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Seiyo Sushi and Wine Shop

Sushi and salad and wine? Oh my!
By ROBERT NADEAU  |  May 17, 2006
3.0 3.0 Stars

THAT’S A WRAP: Volcano maki and friends.

You walk into Seiyo and you see a divider made of green Bordeaux-shaped wine bottles stuck into vertical pipes. If walls could talk, this one would talk about long nights of soaking off labels and getting the tough ones with a razor-blade knife and a pot scrubber. Seiyo began as a retail beer-and-wine store, then added a sushi bar. This leads to an interesting situation in which, even with a $10 corkage fee, one can drink some interesting wine at almost half the typical restaurant price.

The catch is that the menu of sushi and salads — there’s almost no cooked food or red meat — doesn’t go with red wine, period, and it barely goes with many whites. Sushi works pretty well with sparklers (which I didn’t see) and with beer (of which there are some very unusual offerings), but the unbottling fee for beer is not so favorable unless you are dividing a large bottle of, say, Belgian lambic. Wine by the glass is, at least so far, not on the menu, and what’s served when you order a glass of white ($6.99) doesn’t inspire. It comes in a teacup and is semisweet.

So, you have to go to Seiyo with a wine-drinking crowd, and probably one that likes spicy whites like Alsatians, sauvignon blancs, and certain chardonnays. That said, the sushi and sashimi are very, very good. So you could simply enjoy Seiyo as a stylish but small and personable spinoff of Fugakyu, and never drink a thing. Or you could view it as a novel kind of wine bar that happens to have some fun sushi. It has also done some terrific things with salads, all using that fabulous Japanese-restaurant dressing that looks like Russian dressing but tastes like ginger.

The tables are made of some kind of composition pine that looks almost like zebrawood, and there’s a cute rack of metal chopsticks on every one (and a fork, no problem, if you ask). A long high table is in the center of the small room, and it promotes a little mixing. Back to the salads: tofu salad ($3.50) is long strips of silken tofu (great tasting if hard to chopstick) on iceberg with the above-mentioned killer dressing. Tuna yukke salad ($7.25) and salmon yukke salad ($6.95) are four or five slices of sashimi-grade fish just seared and spiced on one edge, over field greens and strips of red and yellow peppers. With the same gingery dressing, these are terrific. A seaweed salad ($4.50) had the usual beautiful, translucent shreds of green and jade, flavored with sesame, sesame seeds, and a few flecks of red pepper.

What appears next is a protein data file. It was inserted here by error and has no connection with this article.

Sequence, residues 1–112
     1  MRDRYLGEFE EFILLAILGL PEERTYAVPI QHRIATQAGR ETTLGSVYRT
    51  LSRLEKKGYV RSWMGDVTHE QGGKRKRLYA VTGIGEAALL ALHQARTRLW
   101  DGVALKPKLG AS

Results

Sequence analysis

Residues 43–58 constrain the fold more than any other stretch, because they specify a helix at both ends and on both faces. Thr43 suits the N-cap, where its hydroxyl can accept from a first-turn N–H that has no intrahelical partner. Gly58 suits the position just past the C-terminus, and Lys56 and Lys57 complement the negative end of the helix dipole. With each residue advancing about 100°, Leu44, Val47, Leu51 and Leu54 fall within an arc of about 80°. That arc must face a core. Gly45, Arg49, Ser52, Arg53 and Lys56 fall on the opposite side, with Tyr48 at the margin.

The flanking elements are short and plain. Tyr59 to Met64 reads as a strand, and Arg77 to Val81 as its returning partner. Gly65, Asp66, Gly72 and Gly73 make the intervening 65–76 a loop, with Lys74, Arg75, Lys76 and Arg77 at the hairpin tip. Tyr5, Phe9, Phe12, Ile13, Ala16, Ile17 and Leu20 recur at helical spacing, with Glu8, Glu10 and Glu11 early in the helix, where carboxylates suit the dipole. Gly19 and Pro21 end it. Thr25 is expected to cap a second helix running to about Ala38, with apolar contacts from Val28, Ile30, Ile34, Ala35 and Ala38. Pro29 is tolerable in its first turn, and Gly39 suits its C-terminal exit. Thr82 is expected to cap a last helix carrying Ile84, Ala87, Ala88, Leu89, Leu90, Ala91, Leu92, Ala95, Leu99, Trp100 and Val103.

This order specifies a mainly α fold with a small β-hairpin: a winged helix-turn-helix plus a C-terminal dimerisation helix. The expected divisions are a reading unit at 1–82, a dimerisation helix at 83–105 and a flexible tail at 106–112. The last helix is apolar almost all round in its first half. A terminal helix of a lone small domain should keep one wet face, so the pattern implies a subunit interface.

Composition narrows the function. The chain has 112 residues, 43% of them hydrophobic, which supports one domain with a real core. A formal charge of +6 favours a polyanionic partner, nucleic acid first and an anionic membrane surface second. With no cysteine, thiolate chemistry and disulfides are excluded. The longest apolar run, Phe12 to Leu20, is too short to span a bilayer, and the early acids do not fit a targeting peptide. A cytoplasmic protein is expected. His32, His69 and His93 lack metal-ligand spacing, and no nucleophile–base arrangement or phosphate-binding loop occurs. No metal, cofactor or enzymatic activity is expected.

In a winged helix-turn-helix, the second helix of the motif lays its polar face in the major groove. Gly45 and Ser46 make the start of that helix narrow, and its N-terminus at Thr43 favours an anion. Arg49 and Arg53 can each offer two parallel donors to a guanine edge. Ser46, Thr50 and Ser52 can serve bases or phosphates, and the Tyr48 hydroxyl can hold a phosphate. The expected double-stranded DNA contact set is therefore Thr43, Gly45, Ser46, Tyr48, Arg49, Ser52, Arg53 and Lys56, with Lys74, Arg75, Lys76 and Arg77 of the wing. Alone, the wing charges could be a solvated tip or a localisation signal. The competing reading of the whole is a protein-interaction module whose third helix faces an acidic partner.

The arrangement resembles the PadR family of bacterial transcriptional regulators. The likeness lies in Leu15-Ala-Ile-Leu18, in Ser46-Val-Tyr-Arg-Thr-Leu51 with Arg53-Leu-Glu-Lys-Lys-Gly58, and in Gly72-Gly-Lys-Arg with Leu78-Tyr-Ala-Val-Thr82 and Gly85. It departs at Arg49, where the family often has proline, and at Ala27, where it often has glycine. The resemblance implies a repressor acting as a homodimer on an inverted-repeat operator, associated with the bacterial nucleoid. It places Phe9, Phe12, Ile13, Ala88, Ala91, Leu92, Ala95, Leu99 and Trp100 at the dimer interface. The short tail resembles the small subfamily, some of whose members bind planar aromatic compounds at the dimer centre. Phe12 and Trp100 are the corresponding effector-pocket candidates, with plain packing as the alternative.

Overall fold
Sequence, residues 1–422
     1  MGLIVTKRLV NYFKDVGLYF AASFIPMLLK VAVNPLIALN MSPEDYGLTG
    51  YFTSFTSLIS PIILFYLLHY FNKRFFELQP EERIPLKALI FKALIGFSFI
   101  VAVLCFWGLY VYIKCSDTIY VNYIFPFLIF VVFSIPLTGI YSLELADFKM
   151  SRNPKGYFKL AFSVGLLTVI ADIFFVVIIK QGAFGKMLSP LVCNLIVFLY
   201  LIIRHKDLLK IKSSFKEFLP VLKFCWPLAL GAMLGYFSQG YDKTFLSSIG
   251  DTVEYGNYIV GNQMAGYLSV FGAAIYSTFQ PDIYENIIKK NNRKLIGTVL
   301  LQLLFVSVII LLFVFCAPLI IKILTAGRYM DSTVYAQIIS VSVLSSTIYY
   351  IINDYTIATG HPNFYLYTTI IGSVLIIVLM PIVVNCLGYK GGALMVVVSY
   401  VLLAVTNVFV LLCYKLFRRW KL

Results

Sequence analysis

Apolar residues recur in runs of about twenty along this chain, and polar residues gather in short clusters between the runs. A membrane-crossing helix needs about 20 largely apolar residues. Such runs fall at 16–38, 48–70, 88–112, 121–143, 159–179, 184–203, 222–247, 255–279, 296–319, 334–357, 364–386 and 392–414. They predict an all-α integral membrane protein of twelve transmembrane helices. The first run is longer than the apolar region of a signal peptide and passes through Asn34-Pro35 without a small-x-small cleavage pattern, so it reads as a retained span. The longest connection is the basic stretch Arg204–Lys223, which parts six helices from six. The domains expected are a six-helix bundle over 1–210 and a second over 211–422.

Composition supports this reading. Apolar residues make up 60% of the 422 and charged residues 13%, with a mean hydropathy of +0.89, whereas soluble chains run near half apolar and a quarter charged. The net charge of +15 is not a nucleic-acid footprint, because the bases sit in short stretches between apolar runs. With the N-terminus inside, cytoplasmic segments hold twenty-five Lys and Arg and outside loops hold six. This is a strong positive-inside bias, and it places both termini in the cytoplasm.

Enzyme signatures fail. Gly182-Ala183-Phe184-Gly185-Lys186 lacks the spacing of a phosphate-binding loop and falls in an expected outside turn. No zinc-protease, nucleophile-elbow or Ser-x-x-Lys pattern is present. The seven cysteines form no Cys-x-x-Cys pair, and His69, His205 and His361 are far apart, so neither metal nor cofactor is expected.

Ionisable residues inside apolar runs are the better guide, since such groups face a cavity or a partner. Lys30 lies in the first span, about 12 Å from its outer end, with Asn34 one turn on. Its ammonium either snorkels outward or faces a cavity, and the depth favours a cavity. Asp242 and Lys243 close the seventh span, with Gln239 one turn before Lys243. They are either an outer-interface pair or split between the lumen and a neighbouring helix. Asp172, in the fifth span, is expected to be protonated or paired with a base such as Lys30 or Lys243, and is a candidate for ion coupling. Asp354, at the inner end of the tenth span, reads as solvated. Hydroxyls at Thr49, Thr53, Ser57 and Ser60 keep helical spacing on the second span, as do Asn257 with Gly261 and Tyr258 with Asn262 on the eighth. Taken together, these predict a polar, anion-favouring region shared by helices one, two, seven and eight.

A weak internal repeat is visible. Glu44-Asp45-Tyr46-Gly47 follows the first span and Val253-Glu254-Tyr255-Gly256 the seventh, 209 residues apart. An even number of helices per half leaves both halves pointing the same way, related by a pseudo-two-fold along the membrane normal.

Moving into maki: I actually found a simple asparagus maki ($3.75) to be a great combination with or without wine. The subtle flavors of the undercooked asparagus, sushi rice, and wrapping of algal seaweed (nori) made a spectrum out of each turret. Among the more popular combinations, Volcano maki ($12.95) was a row of eight wraps centered on avocado and phony crab, then rice, topped with spicy cooked salmon, mayonnaise, and flying-fish roe. These peppery combos are great with beer, harder on wine. Crazy maki ($7.75) is wrapped around fried-shrimp tempura, with sushi rice, cucumber, avocado, and spicy mayonnaise around the inside-out wrap of rice and nori. Dragon maki ($10.95) is more or less the same thing, with an additional topping of broiled eel — perhaps to make the dragon’s scales, certainly for extra flavor. Orders tend to be combined on pretty wood platters.

For big eaters or groups of three, the sashimi deluxe ($18.95) gave up nothing to the fancier sushi bars in town. Ours had three thick slices of red tuna, as many of salmon, a fish-like king mackerel with a little red meat and skin left on, and that grainless fish (tilefish?) I love so much, especially with a few leaves of shiso. The chef cut the cuttlefish into a beautiful fan shape.

My favorite drink with this food was a bottle of Hitachino Nest White Ale ($6.99), a Japanese microbrew that does a terrific job emulating a Belgian-flavored wheat ale. The combination of light ale, coriander, nutmeg, and orange peel has been popularized in the US by Coors’ Blue Moon ale (another nice quaff with sushi), but Hitachino Nest, even at a high price per bottle, is like Blue Moon come alive with a winy ale undertaste. For a bottle of wine, the 2003 Marc Tempe Riesling Zellenberg ($21.99, plus $10 corkage) is an example of something I would never otherwise order in a restaurant, where it would usually cost $40–$50.

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Related: O Ya, Oishii Boston, Toro, More more >
  Topics: Restaurant Reviews , Asian Food and Cooking, Beer, Beverages,  More more >
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